The database may be interrogated in a variety of ways to produce and publish tables and charts which demonstrate how capital expenditure is being made in different regions and countries, and whether it is on existing or new airports and how it is evolving over time.

For example, airport construction and development activity as of the beginning of Sep-2013 totalled USD101.19 billion in Asia Pacific, USD74.57 billion in North America and fractionally under USD74 billion allocated in Europe, where the ‘capacity crunch’ is allegedly most evident as indicated earlier. The global total amounts to USD320 billion. The online presentation can be adjusted to demonstrate how these amounts vary on a monthly basis. 

Total Airport Construction activity by region (USD) as of Sep-2013

The graphic below is indicative of New airport construction project commitments announced between fixed dates.

Construction of new airports - activity by region (USD) between 6-May-2013 and 6-Aug-2013

Analysing activity by country, the database shows that in the UK there is currently construction activity at 20 airports (including London Heathrow as mentioned earlier), with a total known actual/estimated value of USD16.49 billion.

Analysing activity by region and sub-region the database shows that in the Southern Africa sub-region there is currently construction activity at 17 airports in seven countries, with a total known actual/estimated value of USD1.77 billion.

Separately, there is a table of entirely new airports under construction.

Concise freeform text describes the project(s) in greater detail. Here is one current example:

London Heathrow Airport

Heathrow Airport will invest GBP3 billion in developing infrastructure in period 'Q6'. The plan will cover the period between 2014 and 2019 and follows a GBP5 billion investment plan between 2008 and 2013/14, which includes the new T2. Alongside the development plans, Heathrow revealed a major increase to airline charges. The reason for the increase in charges was given as "because fewer passengers have travelled through the airport than originally predicted" and "because investors in Heathrow want to see a return on their investment".

The current centrepiece of Heathrow’s infrastructure transformation is the construction of the new Terminal 2, which is due to open in mid-2014. The new Terminal 2 will initially be able to process 20 million passengers p/a, the same as its predecessor. It will be extended to incorporate the current Terminal 1 from 2016 for a total capacity of 30 million passengers. However, Heathrow's overall capacity remains fixed at around 70 million ppa pending any further runway construction.

Heathrow Airport issued a tender for the refurbishment of tunnels underneath the airport in Mar-2013, with the tender having an estimated value of between GBP80 million and GBP130 million.

The total potential investment at Heathrow, including speculative projects such as the third runway and Terminal 6, runs to USD13 billion.

Jun-2013. Heathrow Airport stated potential plans to reduce its allowable return would make future plans to invest GBP3 billion in the asset "economically irrational". In its response submitted to the UK CAA, Heathrow said its shareholders would not provide the funds for future necessary investment on a capped and reduced level of allowable return.

Jul-2013. Heathrow Airport outlined new plans for a third runway at London's main airport, describing them as cheaper than, and quicker to build than, rival proposals. It is submitting three options which propose a third runway being placed to the north, northwest or southwest of the existing airport. Either option would deliver extra capacity by 2025-29 for GBP14 billion - GBP18 billion (USD21 billion - USD27 billion), and would be cheaper and quicker to build than rival hub options being proposed (GBP65 billion). Heathrow Airport prefers the two westerly options as they minimise the noise impact on local residents though they would cost more, and take longer to build than the north option. Each option would raise capacity to 740,000 flights a year from 480,000 currently, and cater for 130 million passengers.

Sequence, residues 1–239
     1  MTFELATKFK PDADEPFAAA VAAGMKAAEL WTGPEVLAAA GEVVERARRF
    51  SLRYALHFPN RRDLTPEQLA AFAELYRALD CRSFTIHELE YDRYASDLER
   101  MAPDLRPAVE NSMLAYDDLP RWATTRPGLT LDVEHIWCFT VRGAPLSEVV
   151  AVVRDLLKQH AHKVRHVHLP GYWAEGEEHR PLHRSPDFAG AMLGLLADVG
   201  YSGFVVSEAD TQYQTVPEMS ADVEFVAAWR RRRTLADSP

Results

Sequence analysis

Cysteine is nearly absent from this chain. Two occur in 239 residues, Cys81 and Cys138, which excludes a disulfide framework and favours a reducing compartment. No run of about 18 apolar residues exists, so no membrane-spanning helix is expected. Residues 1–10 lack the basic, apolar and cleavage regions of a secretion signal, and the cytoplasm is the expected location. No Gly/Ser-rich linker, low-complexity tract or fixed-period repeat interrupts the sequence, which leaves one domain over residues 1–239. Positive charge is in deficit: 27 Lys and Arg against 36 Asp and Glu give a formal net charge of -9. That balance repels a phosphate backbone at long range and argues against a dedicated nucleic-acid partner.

Jul-2013. Four construction companies are vying for a GBP130 million tunnel refurbishment project at Heathrow. The contract will see the winning bidder refit the main tunnel and cargo tunnel which provide access to the terminal area of the airport. The 630m twin bore main tunnel was construction in the 1950s and the 830m cargo tunnel was built in the 1960s. The tunnels require replacement of the ventilation systems, updated fire protection measures, new lighting systems, electrical systems; phone and CCTV systems; radio broadcast equipment; speed cameras; drainage and emergency signage and tunnel closure systems. The winning bidder will have to take responsibility for maintaining current systems in the tunnels during the project and will need to keep the tunnels in operation while the work is going on. The work is slated to take just over three years to complete.

CAPA's new Airport Data suite

CAPA has introduced a premium online data and intelligence collection on the global airport sector. The CAPA Airports Data suite, for the first time, provides users interactive and constantly updated sets of data covering Airport Charges, Airport Construction and Capex, Airport Investors and Privatisation. This unique collection of data on the world's airports will offer subscribers unrivalled convenience in obtaining useful competitor insights and appraising business opportunities.

The new data tools are already supporting decision makers at companies worldwide. These include airports, airlines, airport construction firms, airport architects, airport equipment suppliers, airport investors and financiers, government and regulatory agencies, advisory and consultant firms and other organisations with an interest in the financial, development, investment and commercial aspects of the world’s airports.